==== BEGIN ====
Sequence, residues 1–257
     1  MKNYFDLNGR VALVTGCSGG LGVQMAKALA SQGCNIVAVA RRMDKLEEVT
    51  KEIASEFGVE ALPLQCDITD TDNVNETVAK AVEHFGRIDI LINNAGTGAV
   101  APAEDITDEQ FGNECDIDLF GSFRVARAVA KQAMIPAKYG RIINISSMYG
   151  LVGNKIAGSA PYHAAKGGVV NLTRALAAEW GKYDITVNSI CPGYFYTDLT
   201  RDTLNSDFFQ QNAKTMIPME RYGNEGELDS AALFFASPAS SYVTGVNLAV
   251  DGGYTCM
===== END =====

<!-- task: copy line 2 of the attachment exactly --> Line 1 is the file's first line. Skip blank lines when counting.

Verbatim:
     1  MKNYFDLNGR VALVTGCSGG LGVQMAKALA SQGCNIVAVA RRMDKLEEVT